Tsai -- who is the first female president of the Republic of China -- said Taiwan's election results sent a strong message to the world.

"We are a successful democracy, we have a decent economy [and] we deserve respect from China," she said earlier this week in an interview with BBC.

With a high voter turnout, Tsai garnered more than 8 million votes, a record high, handily winning her second term.

Tsai focused her campaign primarily on mainland China's increasingly aggressive encroachment on the island state and the Democratic Progressive Party's commitment to democracy. She even rallied support from districts that traditionally vote for opposition candidates -- in large part due to the backing of the younger generation, who are more likely to identify themselves as Taiwanese, a people separate from China.

Citing the intensifying threats, increasing military exercises and continuing efforts to cut Taiwan off from its international allies, Tsai said she believes more people in Taiwan are getting a sense that "the threat is real."

With the ongoing protests in Hong Kong, Tsai said it is only a warning of what "one party, two systems" really looks like.

Her predecessor, Ma Ying-Jeou, was able to build strong economic ties with China by maintaining the ambiguous status of Taiwan's sovereignty.

But Tsai has faced a different situation in recent years and renounced the previously agreed upon ambiguity, saying it "can no longer serve the purposes it was intended to serve."

Given Taiwan's reliance on its economic relationship with China, part of the Tsai administration's priorities center on diversifying and expanding the island's economy -- including convincing Taiwanese investors to relocate their factories back from China.

China has long claimed sovereignty over Taiwan, starting first when nationalists escaped to the island after losing the Chinese Civil War in 1949.

Under Chinese President Xi Jinping, the attitude toward Taiwan has only gotten more aggressive. After Taiwan's election, Xi issued a warning saying "unification" is his condition if there were to be any talks or advances between the two governments.

For Tsai and many others, Taiwan has developed its own identity, government, military and laws and functions as a sovereign country.

"We don't have a need to declare ourselves an independent state," Tsai told the BBC. "We are an independent country already and we call ourselves the Republic of China."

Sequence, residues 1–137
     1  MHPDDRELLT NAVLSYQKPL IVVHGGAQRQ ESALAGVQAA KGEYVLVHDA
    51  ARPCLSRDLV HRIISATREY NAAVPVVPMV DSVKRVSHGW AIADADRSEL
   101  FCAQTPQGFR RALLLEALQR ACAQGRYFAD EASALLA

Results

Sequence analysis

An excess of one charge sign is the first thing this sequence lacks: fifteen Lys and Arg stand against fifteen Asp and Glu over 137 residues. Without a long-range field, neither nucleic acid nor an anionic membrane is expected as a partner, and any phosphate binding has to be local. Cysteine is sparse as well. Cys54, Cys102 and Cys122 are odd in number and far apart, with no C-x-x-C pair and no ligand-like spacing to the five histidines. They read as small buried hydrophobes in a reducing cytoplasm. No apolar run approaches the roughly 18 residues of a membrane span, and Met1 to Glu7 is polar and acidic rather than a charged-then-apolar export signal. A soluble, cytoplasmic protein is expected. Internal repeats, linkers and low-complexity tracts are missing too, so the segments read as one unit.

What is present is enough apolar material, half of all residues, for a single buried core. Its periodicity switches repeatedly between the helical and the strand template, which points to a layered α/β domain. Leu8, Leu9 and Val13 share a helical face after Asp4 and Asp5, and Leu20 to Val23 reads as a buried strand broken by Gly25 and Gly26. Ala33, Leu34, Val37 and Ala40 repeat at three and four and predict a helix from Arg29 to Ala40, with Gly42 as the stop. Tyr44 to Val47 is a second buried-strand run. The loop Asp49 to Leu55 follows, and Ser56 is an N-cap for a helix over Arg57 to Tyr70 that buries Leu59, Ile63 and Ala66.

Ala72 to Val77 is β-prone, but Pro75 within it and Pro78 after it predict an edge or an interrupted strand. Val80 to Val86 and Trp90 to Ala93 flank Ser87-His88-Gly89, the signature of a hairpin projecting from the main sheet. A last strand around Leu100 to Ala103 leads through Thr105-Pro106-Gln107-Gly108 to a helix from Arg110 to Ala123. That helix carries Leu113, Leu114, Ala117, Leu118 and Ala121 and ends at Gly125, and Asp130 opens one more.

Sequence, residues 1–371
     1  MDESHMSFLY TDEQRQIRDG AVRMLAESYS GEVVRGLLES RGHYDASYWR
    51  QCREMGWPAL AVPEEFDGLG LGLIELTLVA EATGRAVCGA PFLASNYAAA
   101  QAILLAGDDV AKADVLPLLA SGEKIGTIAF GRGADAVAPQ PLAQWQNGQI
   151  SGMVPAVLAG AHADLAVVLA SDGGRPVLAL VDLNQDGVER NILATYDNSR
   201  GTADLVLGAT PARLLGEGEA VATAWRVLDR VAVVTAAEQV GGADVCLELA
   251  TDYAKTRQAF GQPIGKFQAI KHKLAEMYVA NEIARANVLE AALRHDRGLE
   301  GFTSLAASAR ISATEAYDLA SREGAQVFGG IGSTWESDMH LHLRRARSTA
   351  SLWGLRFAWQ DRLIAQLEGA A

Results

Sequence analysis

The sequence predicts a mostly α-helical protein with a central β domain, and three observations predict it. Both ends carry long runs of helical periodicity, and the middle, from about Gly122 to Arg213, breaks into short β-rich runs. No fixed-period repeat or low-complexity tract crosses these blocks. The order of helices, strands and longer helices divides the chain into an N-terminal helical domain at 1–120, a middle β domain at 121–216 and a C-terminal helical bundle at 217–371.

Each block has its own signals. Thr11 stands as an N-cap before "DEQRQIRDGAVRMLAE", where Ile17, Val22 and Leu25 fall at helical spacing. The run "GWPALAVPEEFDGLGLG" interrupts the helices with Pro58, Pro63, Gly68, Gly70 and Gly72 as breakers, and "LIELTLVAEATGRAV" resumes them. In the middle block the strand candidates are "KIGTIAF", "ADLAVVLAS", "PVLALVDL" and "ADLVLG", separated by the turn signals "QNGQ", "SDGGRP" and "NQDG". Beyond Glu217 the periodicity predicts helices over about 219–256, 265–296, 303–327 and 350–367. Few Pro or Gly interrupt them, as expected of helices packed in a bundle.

Tsai emphasized her desire to deepen relations with the United States throughout her first term during her campaign. The U.S. has not formally recognized Taiwan as independent, but has maintained a strong, unofficial relationship with the island.

Since last week's election, many U.S. political leaders have issued statements congratulating Tsai on her victory, despite possible anger from the Chinese government.

Leaders including House Speaker Nancy Pelosi who called this a "momentous election" where millions of Taiwanese reaffirmed their commitment to a free and open democracy, adding the "U.S. looks forward to further strengthening our firm partnership and friendship with Taiwan."

Secretary of State Mike Pompeo thanked Tsai for her leadership and praised Taiwan as a model and a force for good.

When asked about her next steps with regards to China, Tsai said it's time for China to "face reality."

"If they are not prepared to face reality, whatever we offer won't be satisfying to them," she told the BBC.

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Oleksii Liskonih/iStock(KIEV, Ukraine) -- Ukrainian police are now investigating two major cases related to the impeachment trial of President Donald Trump, one around possible illegal surveillance of former U.S. Ambassador to Ukraine Marie Yovanovitch and the other around a suspected attack by Russian military hackers targeting a company where the son of former Vice President Joe Biden sat on the board.

On the Yovanovitch case, the interior ministry said in a statement Thursday that police had opened a criminal investigation in light of text messages released by Democrats on the House Intelligence Committee this week between two associates of Trump's personal lawyer Rudy Giuliani.

On the alleged hacking case, Ukrainian police said Thursday they were now investigating a suspected attack by Russian military hackers that targeted Burisma, the Ukraine-based energy company that employed Hunter Biden.

Earlier this week, cyber-security firm Area 1 said it had discovered that hackers who appeared to be from Russia's military agency, the GRU, had mounted a concerted phishing campaign against Burisma employees, trying to break into their emails and collect data.